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Type A monoamine oxidase and serotonin are coordinately involved in depressive disorders: from neurotransmitter imbalance to impaired neurogenesis

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Abstract

Type A monoamine oxidase (MAOA) catabolizes monoamine transmitters, serotonin, norepinephrine and dopamine, and plays a major role in the onset, progression and therapy of neuropsychiatric disorders. In depressive disorders, increase in MAOA expression and decrease in brain levels of serotonin and norepinephrine are proposed as the major pathogenic factors. The functional polymorphism of MAOA gene and genes in serotonin signal pathway are associated with depression. This review presents recent advance in studies on the role of MAOA in major depressive disorder and related emotional disorders. MAOA and serotonin regulate the prenatal development and postnatal maintenance of brain architecture and neurocircuit, as shown by MAOA-deficient humans and MAO knockout animal models. Impaired neurogenesis in the mature hippocampus has been proposed as “adult neurogenesis” hypothesis of depression. MAOA modulates the sensitivity to stress in the stages of brain development and maturation, and the interaction of gene–environmental factors in the early stage regulates the onset of depressive behaviors in adulthood. Vice versa environmental factors affect MAOAexpression by epigenetic regulation. MAO inhibitors not only restore compromised neurotransmitters, but also protect neurons from cell death in depression through induction of anti-apoptotic Bcl-2 and prosurvival neurotrophic factors, especially brain-derived neurotrophic factor, the deficiency of which is detected in depression. This review discusses novel role of MAOA and serotonin in the pathogenesis and therapy of depressive disorders.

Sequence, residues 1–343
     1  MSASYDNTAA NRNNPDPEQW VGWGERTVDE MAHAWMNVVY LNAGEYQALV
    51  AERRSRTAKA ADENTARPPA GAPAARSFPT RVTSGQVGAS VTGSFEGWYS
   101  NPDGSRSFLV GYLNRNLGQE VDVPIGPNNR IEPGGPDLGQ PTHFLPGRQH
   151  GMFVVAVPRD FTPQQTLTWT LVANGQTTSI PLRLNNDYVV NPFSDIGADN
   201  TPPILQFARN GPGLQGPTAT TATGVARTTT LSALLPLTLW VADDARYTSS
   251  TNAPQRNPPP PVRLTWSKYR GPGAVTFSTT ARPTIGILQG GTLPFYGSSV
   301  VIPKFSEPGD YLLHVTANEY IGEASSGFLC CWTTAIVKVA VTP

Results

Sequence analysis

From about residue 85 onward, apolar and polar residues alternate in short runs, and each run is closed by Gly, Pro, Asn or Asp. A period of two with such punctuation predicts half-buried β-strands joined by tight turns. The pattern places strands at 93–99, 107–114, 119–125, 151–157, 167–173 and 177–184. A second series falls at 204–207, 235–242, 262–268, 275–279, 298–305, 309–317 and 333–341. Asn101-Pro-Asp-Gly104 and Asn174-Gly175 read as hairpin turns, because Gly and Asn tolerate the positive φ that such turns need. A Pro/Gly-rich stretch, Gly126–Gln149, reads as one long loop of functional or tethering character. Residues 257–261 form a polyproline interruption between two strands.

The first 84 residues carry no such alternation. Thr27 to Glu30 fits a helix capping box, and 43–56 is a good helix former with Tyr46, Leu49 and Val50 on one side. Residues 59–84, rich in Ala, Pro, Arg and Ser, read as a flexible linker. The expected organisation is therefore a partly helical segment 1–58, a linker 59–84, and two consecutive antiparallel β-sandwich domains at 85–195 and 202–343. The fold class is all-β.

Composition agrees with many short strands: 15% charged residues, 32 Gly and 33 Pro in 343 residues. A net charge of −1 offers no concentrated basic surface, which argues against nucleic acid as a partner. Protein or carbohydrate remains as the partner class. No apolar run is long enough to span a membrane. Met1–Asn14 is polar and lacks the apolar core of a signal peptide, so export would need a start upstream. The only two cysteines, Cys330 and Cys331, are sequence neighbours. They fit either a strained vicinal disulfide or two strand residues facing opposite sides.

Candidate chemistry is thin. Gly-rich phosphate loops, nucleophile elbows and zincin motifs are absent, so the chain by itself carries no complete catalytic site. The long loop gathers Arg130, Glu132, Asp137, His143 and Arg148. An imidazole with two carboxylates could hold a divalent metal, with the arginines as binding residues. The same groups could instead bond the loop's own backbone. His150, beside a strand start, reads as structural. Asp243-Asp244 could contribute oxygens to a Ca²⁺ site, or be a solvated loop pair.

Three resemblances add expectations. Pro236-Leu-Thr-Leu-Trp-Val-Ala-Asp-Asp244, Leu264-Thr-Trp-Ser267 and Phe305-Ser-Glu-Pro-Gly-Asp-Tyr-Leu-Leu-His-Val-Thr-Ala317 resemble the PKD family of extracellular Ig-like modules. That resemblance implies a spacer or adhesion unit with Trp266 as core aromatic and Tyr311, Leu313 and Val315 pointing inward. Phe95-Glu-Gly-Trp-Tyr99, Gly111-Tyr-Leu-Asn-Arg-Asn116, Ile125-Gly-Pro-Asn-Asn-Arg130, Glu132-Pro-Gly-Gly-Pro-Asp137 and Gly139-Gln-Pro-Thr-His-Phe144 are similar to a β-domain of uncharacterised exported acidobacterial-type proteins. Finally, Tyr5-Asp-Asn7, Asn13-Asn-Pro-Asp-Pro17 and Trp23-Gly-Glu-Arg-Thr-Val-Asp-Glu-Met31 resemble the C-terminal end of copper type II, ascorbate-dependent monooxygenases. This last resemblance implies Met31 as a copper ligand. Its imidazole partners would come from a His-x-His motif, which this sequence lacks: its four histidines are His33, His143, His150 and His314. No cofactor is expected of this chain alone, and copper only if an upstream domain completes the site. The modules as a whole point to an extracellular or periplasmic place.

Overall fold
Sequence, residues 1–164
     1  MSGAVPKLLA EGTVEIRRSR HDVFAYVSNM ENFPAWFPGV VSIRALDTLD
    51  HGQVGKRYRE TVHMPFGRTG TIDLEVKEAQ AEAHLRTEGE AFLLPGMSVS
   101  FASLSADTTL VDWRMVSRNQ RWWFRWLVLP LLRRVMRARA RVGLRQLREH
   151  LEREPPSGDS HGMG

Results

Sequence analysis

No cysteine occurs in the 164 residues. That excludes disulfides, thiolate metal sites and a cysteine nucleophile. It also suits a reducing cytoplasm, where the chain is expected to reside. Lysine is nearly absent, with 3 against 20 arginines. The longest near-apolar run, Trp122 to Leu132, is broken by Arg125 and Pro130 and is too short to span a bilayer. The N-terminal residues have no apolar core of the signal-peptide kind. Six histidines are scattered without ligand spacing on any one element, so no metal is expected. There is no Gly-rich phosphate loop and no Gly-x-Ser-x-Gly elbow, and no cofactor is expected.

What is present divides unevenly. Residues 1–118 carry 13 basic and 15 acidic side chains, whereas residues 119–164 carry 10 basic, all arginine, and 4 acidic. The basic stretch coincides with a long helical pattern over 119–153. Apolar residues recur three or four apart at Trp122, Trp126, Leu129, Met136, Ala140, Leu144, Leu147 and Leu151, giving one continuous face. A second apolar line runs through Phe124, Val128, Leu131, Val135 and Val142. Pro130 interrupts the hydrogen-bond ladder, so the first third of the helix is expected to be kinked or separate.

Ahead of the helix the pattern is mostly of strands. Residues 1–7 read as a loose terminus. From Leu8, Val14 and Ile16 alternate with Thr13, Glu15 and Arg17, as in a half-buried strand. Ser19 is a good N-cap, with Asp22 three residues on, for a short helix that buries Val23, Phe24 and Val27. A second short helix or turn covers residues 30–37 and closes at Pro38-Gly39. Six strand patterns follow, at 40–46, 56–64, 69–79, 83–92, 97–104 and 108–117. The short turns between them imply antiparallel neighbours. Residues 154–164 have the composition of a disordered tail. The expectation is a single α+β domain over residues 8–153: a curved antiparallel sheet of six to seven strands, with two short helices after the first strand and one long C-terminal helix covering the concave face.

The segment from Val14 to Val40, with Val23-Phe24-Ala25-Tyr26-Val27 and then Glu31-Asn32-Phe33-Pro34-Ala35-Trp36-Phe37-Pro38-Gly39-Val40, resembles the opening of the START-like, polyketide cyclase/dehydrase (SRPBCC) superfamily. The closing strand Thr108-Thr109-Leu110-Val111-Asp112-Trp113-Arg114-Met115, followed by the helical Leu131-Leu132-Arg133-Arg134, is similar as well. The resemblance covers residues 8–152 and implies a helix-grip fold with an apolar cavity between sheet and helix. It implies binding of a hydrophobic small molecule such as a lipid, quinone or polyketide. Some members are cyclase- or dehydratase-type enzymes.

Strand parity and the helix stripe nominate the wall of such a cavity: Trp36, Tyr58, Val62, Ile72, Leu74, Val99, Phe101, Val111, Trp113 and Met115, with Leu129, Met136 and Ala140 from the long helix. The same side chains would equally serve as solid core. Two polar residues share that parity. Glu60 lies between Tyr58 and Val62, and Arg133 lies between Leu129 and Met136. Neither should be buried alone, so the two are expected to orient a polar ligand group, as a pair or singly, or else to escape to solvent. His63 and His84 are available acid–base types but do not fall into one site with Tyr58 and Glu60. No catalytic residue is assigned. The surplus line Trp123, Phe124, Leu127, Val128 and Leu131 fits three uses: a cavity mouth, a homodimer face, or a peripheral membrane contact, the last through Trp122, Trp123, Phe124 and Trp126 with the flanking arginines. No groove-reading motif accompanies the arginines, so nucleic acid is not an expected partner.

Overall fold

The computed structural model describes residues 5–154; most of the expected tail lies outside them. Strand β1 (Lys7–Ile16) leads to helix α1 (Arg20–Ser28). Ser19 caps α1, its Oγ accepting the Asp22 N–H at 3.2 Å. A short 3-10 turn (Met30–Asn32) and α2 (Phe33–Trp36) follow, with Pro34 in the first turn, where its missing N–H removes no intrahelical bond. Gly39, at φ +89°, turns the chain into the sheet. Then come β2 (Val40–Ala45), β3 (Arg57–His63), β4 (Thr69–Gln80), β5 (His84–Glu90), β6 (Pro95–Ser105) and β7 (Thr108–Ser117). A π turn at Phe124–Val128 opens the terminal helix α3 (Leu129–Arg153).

Naoi, M., Maruyama, W., & Shamoto-Nagai, M. (2017). Type A monoamine oxidase and serotonin are coordinately involved in depressive disorders: from neurotransmitter imbalance to impaired neurogenesis. Journal of Neural Transmission, 1-14. 10.1007/s0070
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